Feature 11.19.2019 7 minutes

Nationalism Isn’t Populism

Rat Pack at Carnegie Hall

Not in America, and not anywhere else.

Everything is what it is, said Bishop Butler, and not another thing. There has been a revival of American nationalism, but it is unhelpful to call this populism, which is very much another thing. There have been American populists, of course. Pitchfork Ben Tillman comes to mind, along with other racists and religious bigots. Which is why calling someone a populist is to smear him, and that is why the term is bandied about by American leftists to describe their opponents.

Not merely is American nationalism different from populism, but if properly understood the two are mutually exclusive. That is because the core icons of American identity are the liberal ideas of our founders, which is what makes Americans out of Americans. American nationalism is necessarily a liberal nationalism.

In other countries, nationalism is a matter of dynastic houses and cultural icons, but America does entirely without the former and increasingly without the latter. Instead, the focal point for nationalist and patriotic sentiments is the sense that America has a special mission to secure liberty and its blessings, as promised by the Declaration of Independence and guaranteed by the Bill of Rights. For Americans, as Americans, illiberalism is self-defeating, and if some Americans in the past have been illiberal, in time they’ve been seen to be un-American.

There is a second reason why American nationalism must necessarily be liberal. In a country as diverse as ours, the nationalist must be willing to embrace our different cultures. You can be an American if you don’t like baseball and apple pie. You can be an American if you don’t like Coolio and Johnny Cash, Thelonious Monk and Dave Brubeck, Carlos Santana and Doc Watson. It’s just that you might be a wee bit more American if you did like them. If you don’t, and you tell me you’re a nationalist, I get it. You love America. It’s just Americans you dislike.

Professor Dueck notes in his new book that today’s American nationalists are middle-of-the-road or even left-of-center on economics and welfare policies, and calls this populism. It is better regarded as a kind of nationalism that until now has been absent in the Republican Party. Nationalism can take two very different forms. Vertical nationalism desires its country’s glory, its preeminence over that of other countries. But there’s another kind of nationalism: horizontal nationalism, that rests on a sense of kinship to and fraternity with fellow citizens, and that draws one leftward on economic policies.

The horizontal nationalist distinguishes between citizens and non-citizens. The open borders crowd, right and left, doesn’t. The right-wing version would deny welfare benefits to both. The left-winger would extend the same benefits to both. But, like Kent in King Lear, the horizontal nationalist says, “I’ll teach you differences.” He would deny benefits to non-citizens, but in doing so he’d extend greater benefits to citizens.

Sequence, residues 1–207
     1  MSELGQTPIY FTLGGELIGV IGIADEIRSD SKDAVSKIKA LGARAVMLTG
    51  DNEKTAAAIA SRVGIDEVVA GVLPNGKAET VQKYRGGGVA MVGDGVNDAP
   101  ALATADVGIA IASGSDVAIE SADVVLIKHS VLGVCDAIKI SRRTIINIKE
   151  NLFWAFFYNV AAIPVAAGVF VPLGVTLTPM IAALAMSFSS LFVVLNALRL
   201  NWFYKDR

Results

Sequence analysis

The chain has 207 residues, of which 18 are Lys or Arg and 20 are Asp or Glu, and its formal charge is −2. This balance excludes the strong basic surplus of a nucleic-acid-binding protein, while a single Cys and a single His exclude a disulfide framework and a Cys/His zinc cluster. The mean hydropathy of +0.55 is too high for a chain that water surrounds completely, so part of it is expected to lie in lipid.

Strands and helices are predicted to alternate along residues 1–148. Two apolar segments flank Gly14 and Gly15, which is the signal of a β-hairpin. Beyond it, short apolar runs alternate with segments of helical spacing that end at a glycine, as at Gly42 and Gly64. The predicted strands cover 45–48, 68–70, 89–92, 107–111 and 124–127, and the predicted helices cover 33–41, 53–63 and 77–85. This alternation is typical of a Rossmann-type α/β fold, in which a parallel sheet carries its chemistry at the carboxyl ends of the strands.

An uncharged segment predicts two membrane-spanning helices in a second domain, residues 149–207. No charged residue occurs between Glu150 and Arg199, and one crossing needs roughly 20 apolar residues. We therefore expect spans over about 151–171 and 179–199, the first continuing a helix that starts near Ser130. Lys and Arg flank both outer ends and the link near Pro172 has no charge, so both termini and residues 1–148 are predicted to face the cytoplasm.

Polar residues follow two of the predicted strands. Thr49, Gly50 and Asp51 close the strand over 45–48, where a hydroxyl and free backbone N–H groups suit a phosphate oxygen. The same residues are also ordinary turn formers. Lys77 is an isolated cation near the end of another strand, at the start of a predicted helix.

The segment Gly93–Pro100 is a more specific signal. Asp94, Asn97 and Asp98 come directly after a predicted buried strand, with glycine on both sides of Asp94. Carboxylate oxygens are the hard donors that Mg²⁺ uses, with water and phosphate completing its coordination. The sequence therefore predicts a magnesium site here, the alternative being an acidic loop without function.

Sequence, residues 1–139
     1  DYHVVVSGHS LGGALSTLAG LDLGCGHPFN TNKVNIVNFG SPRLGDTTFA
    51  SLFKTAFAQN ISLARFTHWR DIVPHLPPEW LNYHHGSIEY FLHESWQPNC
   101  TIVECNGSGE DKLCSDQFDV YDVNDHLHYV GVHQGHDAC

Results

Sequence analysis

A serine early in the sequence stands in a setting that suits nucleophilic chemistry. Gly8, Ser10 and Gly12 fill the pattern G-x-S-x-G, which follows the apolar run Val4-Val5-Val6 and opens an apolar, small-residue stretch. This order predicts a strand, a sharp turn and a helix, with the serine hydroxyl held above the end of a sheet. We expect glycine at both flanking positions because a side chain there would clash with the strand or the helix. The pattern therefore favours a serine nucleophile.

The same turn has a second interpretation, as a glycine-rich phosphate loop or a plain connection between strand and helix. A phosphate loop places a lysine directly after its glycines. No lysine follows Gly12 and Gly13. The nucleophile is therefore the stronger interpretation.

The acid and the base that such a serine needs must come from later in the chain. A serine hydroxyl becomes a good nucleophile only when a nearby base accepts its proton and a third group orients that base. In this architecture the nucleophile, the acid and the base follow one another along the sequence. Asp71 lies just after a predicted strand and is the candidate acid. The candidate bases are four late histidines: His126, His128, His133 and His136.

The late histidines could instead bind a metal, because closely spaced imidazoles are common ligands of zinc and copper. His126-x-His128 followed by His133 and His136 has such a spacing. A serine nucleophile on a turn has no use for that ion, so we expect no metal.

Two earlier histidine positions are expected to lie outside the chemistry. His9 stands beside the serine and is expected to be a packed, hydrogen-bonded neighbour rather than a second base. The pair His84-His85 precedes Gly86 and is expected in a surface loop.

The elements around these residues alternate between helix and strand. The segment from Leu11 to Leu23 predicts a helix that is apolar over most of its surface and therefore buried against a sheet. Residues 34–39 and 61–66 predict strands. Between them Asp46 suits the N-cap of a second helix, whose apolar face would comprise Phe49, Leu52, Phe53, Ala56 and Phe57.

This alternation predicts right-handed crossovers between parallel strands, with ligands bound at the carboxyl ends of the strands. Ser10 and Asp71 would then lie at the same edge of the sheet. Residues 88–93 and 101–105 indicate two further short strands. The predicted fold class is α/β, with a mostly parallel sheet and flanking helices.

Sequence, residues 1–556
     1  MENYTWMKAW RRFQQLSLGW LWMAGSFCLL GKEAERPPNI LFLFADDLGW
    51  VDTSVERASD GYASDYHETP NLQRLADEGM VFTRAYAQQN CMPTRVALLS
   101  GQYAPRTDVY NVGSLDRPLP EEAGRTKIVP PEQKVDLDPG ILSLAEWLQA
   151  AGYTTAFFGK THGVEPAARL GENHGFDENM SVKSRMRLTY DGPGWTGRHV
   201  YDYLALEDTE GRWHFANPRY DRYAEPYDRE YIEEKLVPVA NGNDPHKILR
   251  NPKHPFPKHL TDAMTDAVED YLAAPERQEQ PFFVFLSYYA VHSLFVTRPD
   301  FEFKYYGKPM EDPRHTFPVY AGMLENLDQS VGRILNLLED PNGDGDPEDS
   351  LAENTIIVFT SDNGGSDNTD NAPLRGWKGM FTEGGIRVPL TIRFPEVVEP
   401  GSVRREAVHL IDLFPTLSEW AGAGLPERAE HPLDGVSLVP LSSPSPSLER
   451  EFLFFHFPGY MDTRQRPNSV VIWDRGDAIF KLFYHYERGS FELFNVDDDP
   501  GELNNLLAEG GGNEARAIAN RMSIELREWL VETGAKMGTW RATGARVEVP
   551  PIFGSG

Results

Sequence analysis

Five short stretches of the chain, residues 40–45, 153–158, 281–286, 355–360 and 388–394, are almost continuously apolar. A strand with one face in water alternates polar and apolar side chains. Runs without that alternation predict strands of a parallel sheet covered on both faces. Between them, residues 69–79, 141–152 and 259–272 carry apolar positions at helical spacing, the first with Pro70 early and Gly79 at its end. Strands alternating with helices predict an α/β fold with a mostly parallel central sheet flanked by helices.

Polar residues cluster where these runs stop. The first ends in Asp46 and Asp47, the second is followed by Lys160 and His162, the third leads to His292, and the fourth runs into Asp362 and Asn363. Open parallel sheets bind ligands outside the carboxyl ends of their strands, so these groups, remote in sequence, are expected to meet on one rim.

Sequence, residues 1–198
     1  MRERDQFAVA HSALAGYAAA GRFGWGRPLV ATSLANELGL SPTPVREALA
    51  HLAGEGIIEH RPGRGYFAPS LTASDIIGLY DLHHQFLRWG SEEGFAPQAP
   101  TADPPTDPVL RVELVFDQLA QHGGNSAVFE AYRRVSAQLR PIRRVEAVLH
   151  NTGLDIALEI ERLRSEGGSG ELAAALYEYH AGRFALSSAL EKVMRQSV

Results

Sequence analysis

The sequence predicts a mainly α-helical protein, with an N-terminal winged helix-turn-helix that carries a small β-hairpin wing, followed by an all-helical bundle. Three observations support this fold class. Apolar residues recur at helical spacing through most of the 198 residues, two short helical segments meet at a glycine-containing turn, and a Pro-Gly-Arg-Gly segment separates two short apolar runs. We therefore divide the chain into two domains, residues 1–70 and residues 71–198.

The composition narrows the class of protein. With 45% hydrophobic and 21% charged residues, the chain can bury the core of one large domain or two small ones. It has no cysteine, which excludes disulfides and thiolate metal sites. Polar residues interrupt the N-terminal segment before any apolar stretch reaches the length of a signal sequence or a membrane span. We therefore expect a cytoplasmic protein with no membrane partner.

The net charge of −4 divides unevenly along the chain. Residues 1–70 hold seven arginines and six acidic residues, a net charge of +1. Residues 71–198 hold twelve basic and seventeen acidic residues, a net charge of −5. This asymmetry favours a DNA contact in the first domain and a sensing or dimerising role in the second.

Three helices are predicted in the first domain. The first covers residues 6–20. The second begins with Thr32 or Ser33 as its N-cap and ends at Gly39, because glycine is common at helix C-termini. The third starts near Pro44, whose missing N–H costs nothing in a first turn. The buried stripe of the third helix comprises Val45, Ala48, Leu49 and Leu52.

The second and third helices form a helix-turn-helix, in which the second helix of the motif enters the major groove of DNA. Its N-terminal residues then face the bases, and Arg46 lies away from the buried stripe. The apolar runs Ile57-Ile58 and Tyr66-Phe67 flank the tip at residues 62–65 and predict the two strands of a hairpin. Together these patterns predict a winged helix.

The policies I describe occupy the place where presidential elections are won, with a combination of social conservatism and economic liberalism, and a slogan to make America great again that implies both vertical and horizontal nationalism. In 2016, Trump found the sweet spot in American presidential politics, the famous upper-left quadrant I wrote about two years ago in the Wall Street Journal. Sadly, he’s not governed quite like the candidate from three years ago, and this would make him vulnerable to a Democratic candidate who could shed that party’s identity politics.

Let me say something to Americans who might disagree with what I’ve said: the anti-liberals who reject the American creed, the conservatives who dislike our minority cultures, and the right-wingers who hate welfare benefits for the disabled. When you call yourselves nationalists…I do not think that word means what you think it means.

In particular, let’s drop the term populism from our vocabulary. Both Professor Dueck and I are immigrants from Canada. As such, we are both very well familiar with political parties that are socially conservative and economically liberal. In Canada, they are called Red Tories, and they are the party of Sir John A. Macdonald and John Diefenbaker. How it is that people with such policies are called populists in the United States and Tories in Canada is a puzzle that eludes me.

The American Mind presents a range of perspectives. Views are writers’ own and do not necessarily represent those of The Claremont Institute.

The American Mind is a publication of the Claremont Institute, a non-profit 501(c)(3) organization, dedicated to restoring the principles of the American Founding to their rightful, preeminent authority in our national life. Interested in supporting our work? Gifts to the Claremont Institute are tax-deductible.

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